Hello all, sorry for the delay in posting. I am regretting sending my laptop home!
I have now been in Quito for just over three weeks and even though I’ve seen lots of things I feel that I have barely scratched the surface.
Quito has recently been proclaimed as the Leading Destination in South America 2013, and there is certainly a lot going for it. At 2,800 metres above sea level, it is one of the highest capital cities in the world and it was declared the first UNESCO World Heritage City in 1978.
Every street you turn down has something going on, whether it be street vendors, people playing football, or a woman walking around with her baby strapped to her back, selling bananas (Ecuador has a lot of different types of bananas, the family I live with tried to list them and got to about seven but swear there are more). I’ve even had people come up to me with baskets full of puppies they’re trying to sell. The city has a lot of dogs, and they all love barking in the middle of the night.
What really characterises the city is the mountains. You can be walking down a typical city street, turn a corner and- wow! Hello mountains. The mountains are beautiful, but it also means lots and lots of hills to walk up. For my first week I huffed and puffed my way everywhere because of the altitude, and as of yet I have not dared to tackle some of the steeper looking streets. One place I really want to go is the Panecillo, Quito’s guardian angel, which is very high up. Everything looks innocently flat on the map, oh how wrong I was when I thought it would be an easy walk! But it doesn’t matter because the mountains are stunning. I have never been in a city with such a beautiful setting.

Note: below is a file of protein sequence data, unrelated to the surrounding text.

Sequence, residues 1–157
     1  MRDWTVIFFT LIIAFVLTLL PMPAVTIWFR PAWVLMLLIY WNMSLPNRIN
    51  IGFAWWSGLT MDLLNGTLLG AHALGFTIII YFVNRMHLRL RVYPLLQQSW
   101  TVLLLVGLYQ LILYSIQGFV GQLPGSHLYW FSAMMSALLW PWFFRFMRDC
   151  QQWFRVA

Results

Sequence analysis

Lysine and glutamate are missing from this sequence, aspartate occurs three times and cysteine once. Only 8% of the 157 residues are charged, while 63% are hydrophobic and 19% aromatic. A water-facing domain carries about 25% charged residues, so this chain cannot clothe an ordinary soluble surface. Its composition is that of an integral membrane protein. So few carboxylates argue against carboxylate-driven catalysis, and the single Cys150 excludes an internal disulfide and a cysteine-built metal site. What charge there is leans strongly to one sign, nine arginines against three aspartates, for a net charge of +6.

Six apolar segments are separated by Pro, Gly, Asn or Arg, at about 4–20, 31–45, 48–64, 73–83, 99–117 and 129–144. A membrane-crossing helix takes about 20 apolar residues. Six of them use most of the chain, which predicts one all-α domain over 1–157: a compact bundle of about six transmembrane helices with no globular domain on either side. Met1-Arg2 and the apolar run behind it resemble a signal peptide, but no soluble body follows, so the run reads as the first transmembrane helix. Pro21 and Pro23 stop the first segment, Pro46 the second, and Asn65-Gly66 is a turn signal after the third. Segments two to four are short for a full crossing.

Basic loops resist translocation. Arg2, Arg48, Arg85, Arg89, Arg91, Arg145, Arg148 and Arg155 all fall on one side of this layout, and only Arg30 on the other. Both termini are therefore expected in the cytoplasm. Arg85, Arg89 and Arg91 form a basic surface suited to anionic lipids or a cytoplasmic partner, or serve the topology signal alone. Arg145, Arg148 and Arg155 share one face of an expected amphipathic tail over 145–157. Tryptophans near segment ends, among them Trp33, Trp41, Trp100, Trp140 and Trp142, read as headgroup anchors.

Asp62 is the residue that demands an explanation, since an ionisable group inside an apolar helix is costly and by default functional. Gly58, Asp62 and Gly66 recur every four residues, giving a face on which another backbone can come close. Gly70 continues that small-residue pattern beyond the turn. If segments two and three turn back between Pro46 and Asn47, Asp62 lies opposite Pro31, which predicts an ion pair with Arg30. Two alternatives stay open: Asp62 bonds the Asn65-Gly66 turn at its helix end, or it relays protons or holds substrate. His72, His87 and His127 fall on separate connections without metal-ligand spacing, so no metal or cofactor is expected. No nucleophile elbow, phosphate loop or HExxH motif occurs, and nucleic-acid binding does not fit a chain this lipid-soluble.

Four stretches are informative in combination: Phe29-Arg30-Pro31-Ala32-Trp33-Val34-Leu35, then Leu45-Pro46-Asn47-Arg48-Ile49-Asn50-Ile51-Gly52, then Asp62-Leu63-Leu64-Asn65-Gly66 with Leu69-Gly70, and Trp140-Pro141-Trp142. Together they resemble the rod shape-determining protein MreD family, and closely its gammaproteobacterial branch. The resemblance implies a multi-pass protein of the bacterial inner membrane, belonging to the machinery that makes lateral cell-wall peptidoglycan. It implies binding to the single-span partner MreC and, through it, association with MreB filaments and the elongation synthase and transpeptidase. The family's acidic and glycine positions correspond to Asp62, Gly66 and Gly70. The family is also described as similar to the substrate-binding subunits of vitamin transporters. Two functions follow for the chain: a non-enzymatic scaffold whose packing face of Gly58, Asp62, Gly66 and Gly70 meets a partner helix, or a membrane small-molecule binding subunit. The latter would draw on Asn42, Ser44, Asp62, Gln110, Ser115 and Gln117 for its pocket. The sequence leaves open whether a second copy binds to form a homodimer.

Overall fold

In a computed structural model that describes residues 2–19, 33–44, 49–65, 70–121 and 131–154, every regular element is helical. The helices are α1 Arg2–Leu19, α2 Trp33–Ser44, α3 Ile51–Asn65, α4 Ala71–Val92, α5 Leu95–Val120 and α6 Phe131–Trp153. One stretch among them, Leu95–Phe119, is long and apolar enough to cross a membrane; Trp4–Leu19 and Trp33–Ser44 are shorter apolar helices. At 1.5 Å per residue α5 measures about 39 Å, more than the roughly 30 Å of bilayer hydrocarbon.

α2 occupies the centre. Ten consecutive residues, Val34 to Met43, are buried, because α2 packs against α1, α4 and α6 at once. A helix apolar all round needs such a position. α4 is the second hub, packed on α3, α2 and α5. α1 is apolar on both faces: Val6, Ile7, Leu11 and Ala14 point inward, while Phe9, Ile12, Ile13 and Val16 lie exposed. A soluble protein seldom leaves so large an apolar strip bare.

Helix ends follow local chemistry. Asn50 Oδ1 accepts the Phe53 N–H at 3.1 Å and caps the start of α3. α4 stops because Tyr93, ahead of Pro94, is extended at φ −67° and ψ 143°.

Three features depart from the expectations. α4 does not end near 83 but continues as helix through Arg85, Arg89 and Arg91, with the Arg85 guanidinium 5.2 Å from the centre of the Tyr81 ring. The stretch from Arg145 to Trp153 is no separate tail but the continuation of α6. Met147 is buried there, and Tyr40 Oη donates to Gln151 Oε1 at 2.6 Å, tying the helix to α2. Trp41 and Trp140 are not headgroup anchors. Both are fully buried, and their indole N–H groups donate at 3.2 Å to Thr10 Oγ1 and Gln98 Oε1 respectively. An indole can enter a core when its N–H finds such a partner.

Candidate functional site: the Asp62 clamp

As for exploring, on my first day I took a walk around part of the historic old town, which is the best-conserved colonial centre on the continent. It is very impressive and very beautiful, I want to go back one weekend and explore properly. My time exploring Quito has been a bit limited as I work in an office Monday-Friday. I have seen the historic centre, the area called the Mariscal Foch, some of the larger parks and the area in which I live. As a single girl I am constantly being warned off wandering around at night, which is a shame. However I can see Cotopaxi, one of the highest active volcanoes in the world, from my window, which is definitely a plus!
Other than the mountains, the smell of food that rises from everywhere has so far been one of the most overwhelming impressions of the city for me, partly because I love food and partly because there are so many places to get it. The other day I walked down a street where a family had opened a door into their dining room and were dishing out food to people passing by. I can get a set lunch for as little as $2.50, although I have started branching out, as there are only so many plates of soup, rice and beans I can take in one week. But they never seem to run out of new ways to serve bananas!
The people here are very friendly, too. My host family is very nice and the mother, Marta, is always chatting to me. People have talked to me in restaurants and cafés, and the other day I chatted to someone almost all the way home from the bus stop in the centre. They always want to know where I’m from and are usually happy to hear I’m here for an extended period of time. Of course there are some creepy men, but that I will deal with that subject another time.
So, these are some of my first impressions, sorry they’re so brief. I’m looking forward to getting to know this amazing city more over the next month or so. Will update soon.